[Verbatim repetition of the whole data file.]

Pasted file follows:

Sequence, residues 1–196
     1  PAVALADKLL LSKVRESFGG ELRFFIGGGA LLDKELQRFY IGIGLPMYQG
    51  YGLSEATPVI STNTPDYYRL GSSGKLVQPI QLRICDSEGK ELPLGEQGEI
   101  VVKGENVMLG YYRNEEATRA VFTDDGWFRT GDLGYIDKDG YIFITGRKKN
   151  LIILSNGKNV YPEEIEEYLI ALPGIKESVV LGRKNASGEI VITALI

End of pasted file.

Sequence, residues 1–196
     1  PAVALADKLL LSKVRESFGG ELRFFIGGGA LLDKELQRFY IGIGLPMYQG
    51  YGLSEATPVI STNTPDYYRL GSSGKLVQPI QLRICDSEGK ELPLGEQGEI
   101  VVKGENVMLG YYRNEEATRA VFTDDGWFRT GDLGYIDKDG YIFITGRKKN
   151  LIILSNGKNV YPEEIEEYLI ALPGIKESVV LGRKNASGEI VITALI